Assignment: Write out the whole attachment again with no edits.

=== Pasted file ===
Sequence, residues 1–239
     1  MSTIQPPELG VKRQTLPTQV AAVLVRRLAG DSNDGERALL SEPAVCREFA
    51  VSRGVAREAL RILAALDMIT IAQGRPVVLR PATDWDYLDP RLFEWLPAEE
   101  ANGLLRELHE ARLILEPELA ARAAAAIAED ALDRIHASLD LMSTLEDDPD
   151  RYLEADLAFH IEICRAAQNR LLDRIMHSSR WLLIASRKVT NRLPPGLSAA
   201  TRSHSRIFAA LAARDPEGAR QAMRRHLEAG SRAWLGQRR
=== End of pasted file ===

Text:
Sequence, residues 1–239
     1  MSTIQPPELG VKRQTLPTQV AAVLVRRLAG DSNDGERALL SEPAVCREFA
    51  VSRGVAREAL RILAALDMIT IAQGRPVVLR PATDWDYLDP RLFEWLPAEE
   101  ANGLLRELHE ARLILEPELA ARAAAAIAED ALDRIHASLD LMSTLEDDPD
   151  RYLEADLAFH IEICRAAQNR LLDRIMHSSR WLLIASRKVT NRLPPGLSAA
   201  TRSHSRIFAA LAARDPEGAR QAMRRHLEAG SRAWLGQRR